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But Alexander took his breakfast at daybreak [p. 451] seated1; he dined late in the evening ; he drank only after sacrificing to the gods ; he played dice with Medius when he had a fever2; he played games while travelling, at the same time also learning to wield a bow and mount a chariot. For himself he married Roxanê,3 the only woman he ever loved; but Stateira,4 the daughter of Darius, he married for imperial and political reasons, since the union of the two races was highly advantageous. But as for the other Persian women, he was as much their superior in self-control as in valour he was superior to Persian men. For he looked at no woman against her will5 and those that he looked at he passed by more readily than those that he did not look at; and although he bore himself humanely toward all other persons, it was toward fair youth alone that he conducted himself haughtily. He would not listen to a single word in praise of the beauty of the wife6 of Darius, who was a very handsome woman; but when she died, he graced her funeral with such a royal pomp and bewailed her death so feelingly that his self-control was questioned amid his display of humanity, and his goodness incurred the charge of wrongdoing. For Darius7 was disturbed by suspicion of Alexander's power and youth ; for he also was still one of those who believed Alexander's victory to be through Fortune. But when he had tested the matter from every angle, and recognized the truth, ‘Then,’ said he, ‘the lot of the Persians is not so utterly wretched, nor will anyone say that we are altogether cowardly or unmanly in [p. 453] that we have been overcome by such a man. But for my part I pray the gods for fair fortune and for might in war, that I may surpass Alexander in bestowing favours ; and I am possessed by an ambitious and emulous desire to prove myself more humane than Alexander. But if my power be spent, do thou, O Zeus, ancestral god of the Persians, and ye other gods that guard our kingship, grant that none other than Alexander take his seat upon the throne of Cyrus.’ This was Darius's way of adopting Alexander, invoking the gods as witnesses.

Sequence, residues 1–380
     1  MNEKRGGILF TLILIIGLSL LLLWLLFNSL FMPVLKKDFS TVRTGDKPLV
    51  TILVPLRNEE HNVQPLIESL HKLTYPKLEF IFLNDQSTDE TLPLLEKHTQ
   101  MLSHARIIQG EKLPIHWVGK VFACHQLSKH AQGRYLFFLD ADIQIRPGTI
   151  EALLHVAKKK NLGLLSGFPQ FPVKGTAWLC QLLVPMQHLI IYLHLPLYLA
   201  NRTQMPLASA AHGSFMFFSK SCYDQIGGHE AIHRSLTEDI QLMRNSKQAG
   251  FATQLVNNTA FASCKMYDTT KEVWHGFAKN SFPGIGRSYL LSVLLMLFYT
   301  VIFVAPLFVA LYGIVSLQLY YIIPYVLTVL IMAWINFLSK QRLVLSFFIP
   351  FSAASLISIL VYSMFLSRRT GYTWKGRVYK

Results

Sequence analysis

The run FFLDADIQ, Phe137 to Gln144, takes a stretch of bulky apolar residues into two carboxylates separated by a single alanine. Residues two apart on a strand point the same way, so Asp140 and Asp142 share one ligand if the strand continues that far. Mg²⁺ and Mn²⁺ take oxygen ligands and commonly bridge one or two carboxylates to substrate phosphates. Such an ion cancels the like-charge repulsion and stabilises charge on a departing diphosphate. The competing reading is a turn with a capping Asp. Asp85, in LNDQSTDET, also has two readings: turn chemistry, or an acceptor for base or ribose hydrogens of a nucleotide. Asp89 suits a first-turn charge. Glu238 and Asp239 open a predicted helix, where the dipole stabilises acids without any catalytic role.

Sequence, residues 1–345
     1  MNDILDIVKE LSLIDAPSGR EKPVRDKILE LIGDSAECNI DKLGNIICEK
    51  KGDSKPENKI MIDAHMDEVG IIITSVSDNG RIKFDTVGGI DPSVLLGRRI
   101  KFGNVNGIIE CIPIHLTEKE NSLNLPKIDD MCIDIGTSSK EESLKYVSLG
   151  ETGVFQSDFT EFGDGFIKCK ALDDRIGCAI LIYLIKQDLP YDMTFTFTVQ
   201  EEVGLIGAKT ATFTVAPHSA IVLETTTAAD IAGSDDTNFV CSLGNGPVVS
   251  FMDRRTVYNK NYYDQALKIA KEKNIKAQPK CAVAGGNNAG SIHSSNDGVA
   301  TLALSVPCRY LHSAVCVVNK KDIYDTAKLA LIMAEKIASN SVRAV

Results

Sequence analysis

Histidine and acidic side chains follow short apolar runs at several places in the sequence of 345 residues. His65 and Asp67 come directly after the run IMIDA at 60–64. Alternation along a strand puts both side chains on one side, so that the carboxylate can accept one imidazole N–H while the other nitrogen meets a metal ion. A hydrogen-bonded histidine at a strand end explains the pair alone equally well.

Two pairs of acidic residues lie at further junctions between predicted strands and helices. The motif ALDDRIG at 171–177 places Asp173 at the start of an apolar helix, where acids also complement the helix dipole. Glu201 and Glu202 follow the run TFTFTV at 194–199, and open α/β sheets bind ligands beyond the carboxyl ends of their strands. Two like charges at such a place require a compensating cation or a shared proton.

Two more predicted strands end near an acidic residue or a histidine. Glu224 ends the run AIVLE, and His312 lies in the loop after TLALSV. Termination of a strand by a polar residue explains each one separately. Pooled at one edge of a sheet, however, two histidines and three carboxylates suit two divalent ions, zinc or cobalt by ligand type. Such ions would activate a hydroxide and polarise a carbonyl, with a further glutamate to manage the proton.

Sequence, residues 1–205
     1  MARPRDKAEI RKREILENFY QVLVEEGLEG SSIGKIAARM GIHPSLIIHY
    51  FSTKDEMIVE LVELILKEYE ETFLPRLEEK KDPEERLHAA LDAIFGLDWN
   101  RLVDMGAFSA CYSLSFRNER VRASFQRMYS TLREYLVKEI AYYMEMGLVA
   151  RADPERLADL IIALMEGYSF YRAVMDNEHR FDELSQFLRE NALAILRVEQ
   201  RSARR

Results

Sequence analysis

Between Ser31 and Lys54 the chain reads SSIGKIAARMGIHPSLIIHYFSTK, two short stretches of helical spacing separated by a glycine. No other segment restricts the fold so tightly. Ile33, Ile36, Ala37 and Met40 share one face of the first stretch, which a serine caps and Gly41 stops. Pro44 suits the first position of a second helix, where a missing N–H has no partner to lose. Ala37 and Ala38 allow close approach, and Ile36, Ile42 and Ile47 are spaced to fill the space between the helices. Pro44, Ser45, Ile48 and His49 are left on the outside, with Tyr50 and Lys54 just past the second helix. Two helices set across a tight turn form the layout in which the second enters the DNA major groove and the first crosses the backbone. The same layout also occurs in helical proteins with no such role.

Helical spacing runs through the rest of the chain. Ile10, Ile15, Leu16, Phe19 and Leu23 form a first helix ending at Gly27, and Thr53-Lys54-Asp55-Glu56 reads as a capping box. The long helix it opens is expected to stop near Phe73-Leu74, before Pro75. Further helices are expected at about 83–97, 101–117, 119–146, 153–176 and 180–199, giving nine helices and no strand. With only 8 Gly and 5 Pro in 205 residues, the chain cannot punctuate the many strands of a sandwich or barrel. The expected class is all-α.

1 Cf. Life of Alexander, chap. xxiii. (677 d).

2 Ibid. chap. lxxvi. (706 d).

3 Cf. 332 e, supra.

4 Cf. Life of Alexander, chap. lxx. (703 e); Diodorus, xvii. 107; Justin, xii. 10.

5 Cf. Moralia, 97 d, 522 a; Life of Alexander, chap. xxi. (676 f).

6 Ibid. chap. xxii. (677 a); Arrian, Anabasis, iv. 20; Athenaeus, xiii. 603 c; Quintus Curtius, Hist. Alexandri, iv. 10.

7 Cf. Life of Alexander, chap. xxx. (682 c-d).

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